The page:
Mountains in the distance, taken from the train to Aomori.

To add to the poor start to the day, I noticed when we got to our hotel that one of the spokes on my rear wheel had snapped. I believe it happened at some point on the train when we had leaned our bikes against each other. It was still fairly early (3:00 PM) so we decided to try and get it fixed right away. I had brought extra spokes, but not all the tools needed to actually replace them so we tried to find a bike repair shop in town.

The hotel front desk staff pointed us to one spot which was closed when we got there. I’m not sure it would have been much help if it were open though, since after peering in through the front windows it didn’t really seem much like a bike shop at all, but rather a hoarder’s home with a few bike wheels hanging from the ceiling and bike parts strewn about. I saw a ‘pro shop’ around the corner so I went in to ask if they knew of any other bike repair places nearby.

The pro shop was actually just a small badminton store. There was a man at the counter and a woman who was a customer. Neither spoke very good English, but after a bit of back and forth the woman (whose name was Ayako) was able to help us locate a nearby shop on our phones. She was even so kind as to drive there and have us follow so we had no trouble finding it. She also called her friend Yamagami who lived nearby, who met us at the shop. He was able to help translate for us, and unfortunately the shop couldn’t help us with the spoke.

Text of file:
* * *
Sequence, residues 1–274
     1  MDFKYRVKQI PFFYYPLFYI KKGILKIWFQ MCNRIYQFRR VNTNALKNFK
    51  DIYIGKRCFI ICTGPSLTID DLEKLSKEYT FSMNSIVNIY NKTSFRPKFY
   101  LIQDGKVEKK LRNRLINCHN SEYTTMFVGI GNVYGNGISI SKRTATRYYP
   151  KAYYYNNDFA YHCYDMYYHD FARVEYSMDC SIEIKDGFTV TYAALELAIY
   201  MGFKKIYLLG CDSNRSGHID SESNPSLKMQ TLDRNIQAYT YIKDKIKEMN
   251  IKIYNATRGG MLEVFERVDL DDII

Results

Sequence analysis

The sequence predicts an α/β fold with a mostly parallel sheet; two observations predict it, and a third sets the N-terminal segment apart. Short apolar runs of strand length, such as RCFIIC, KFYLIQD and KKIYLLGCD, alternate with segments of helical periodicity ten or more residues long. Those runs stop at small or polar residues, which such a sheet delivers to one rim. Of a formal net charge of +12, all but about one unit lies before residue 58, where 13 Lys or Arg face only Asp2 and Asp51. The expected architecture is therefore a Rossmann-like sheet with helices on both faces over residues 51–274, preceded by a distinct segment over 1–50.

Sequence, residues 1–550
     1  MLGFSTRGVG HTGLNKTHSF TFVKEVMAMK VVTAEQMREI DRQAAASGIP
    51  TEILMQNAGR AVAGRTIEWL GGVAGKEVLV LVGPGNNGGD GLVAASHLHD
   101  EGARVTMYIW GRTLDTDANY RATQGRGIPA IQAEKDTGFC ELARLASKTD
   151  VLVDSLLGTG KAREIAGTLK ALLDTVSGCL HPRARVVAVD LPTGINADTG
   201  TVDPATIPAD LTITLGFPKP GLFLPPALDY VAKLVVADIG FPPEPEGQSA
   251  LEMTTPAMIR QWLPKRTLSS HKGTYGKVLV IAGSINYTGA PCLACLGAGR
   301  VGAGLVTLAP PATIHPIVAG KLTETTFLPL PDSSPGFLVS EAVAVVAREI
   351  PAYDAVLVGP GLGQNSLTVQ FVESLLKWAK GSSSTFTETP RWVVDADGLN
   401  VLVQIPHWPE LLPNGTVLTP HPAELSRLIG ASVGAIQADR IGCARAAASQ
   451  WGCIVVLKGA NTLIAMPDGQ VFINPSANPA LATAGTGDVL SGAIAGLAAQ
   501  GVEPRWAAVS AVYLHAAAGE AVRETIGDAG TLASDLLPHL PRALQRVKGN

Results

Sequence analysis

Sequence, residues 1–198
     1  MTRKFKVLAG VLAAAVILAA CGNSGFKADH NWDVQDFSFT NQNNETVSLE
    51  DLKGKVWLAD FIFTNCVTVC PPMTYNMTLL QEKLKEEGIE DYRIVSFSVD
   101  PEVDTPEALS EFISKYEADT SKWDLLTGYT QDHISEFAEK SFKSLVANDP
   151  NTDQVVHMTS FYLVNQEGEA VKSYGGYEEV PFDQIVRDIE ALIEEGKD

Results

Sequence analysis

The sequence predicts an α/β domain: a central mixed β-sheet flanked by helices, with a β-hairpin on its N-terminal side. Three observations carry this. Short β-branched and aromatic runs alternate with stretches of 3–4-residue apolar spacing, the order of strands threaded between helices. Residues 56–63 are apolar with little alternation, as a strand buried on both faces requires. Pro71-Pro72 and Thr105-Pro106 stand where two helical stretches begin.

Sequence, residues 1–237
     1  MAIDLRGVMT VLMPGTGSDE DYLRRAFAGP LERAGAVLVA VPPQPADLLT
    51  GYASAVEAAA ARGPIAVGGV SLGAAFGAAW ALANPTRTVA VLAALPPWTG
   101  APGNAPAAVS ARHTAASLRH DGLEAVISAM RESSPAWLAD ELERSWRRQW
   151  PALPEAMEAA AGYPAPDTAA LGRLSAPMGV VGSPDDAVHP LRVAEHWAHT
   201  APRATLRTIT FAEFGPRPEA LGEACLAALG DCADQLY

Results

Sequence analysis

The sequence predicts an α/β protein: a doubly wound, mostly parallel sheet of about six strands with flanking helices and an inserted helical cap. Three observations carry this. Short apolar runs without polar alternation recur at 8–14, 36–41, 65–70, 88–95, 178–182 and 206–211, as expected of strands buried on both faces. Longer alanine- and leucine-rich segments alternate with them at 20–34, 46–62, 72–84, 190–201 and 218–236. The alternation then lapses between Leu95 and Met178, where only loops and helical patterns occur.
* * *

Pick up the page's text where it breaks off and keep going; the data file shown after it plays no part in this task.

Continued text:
Determined to help us out, Yamagami called his friend Yasuhito who works at a bike shop and we went back to his place to wait for him to arrive with tools. Yamagami’s English was pretty good and we chatted for a bit about bikes, our trip, and other random stuff until Yasuhito showed up. We collectively spent probably 30 minutes trying to remove the rear cassette (gears) from my bike’s wheel. Unfortunately it had spent a bit of time in the rain so it was likely a bit rusty, and not even hammering away on the wrench was helping. Yamagami’s father stopped by and gave us a large metal pole which we used to get more leverage and that finally got the cassette loose.

Getting the hub off was a challenge.